But if you have a clear objective and action plan and have decided on the specific devices, you’ll be keen to stay strong on your choice.
If your target audience is on Android then focus on creating apps for android users. However, if you want to develop for multiple platforms be clear about your decision — this will help you know the right developer that will buy into your idea and run with it.
What about cross-platform apps? Well, if you really need an app that will get 5-Star rating invest in native app development. Interestingly, any app developer that claims they can develop for multiple platforms could be a cross-platform app developer.
They might be good at developing for both android and iOS platforms within a very short time, especially now that cross-platform apps are becoming increasingly popular but make no mistakes, to deliver the best user experience and app performance a native app is a no-brainer — and you need a developer that specializes in one platform.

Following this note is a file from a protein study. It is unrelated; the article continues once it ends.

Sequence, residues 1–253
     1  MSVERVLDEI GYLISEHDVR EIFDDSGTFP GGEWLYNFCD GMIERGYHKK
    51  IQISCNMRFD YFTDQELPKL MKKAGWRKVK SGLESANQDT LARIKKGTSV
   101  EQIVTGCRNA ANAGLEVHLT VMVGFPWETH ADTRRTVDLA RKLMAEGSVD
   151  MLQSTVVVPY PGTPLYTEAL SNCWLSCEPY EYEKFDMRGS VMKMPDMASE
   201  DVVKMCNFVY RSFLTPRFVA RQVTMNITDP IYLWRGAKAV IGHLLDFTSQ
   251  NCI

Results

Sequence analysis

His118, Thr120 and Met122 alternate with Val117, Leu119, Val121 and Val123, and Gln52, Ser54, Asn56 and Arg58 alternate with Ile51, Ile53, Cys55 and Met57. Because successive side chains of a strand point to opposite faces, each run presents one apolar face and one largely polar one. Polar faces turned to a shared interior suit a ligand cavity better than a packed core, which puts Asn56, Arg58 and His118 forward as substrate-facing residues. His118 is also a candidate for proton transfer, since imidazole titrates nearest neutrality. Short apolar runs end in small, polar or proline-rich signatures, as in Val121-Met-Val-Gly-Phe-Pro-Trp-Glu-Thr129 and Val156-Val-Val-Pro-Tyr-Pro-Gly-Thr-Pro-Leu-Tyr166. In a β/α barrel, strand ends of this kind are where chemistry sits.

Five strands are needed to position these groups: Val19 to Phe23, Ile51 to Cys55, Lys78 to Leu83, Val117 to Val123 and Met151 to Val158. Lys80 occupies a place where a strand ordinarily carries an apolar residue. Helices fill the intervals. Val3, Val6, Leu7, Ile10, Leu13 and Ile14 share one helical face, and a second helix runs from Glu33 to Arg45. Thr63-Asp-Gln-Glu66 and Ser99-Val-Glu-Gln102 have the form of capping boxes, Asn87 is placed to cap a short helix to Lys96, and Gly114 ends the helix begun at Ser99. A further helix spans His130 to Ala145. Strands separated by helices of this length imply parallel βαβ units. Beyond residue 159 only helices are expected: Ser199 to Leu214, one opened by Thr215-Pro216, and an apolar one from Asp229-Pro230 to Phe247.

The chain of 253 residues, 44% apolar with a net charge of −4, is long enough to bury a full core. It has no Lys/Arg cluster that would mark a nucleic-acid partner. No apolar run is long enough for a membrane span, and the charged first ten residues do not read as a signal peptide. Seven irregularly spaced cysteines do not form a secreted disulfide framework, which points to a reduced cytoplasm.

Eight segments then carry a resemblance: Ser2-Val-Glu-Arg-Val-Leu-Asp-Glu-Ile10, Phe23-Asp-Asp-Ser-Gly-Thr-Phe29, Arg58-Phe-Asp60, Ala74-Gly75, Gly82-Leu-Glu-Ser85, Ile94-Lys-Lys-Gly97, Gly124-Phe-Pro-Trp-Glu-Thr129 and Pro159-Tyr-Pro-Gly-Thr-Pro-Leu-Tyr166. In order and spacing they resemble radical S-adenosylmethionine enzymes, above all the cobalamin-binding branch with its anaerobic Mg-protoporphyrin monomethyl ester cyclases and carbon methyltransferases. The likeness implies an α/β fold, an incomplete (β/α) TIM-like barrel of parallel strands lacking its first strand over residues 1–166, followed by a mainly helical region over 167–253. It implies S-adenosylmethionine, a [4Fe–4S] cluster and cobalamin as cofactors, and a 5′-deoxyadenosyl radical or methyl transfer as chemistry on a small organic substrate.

Southwest Airlines thought cross-platform apps were the best way to go — just develop once and push to several devices but finally they confessed:
“It was horrible across every metric: functionality, performance, UI,”
Facebook CEO, Mark Zuckerberg said it was their worst mistake.
That been said, it’s important you know and decide beforehand the platform that you really want to develop for. This will save both time, unnecessary iterations, and deliver better functionality to users.
So when you’ve decided to go for a native apps, ensure that you give an android developer your android project and an iOS developer your iOS project.
The only exception to this is if you are outsourcing to a software firm where they have several developers in different capacity.
This is critical. Ensure your developer gets a proper understanding of your project, you can get a good graphics designer to create a mockup for your app with Adobe Photoshop.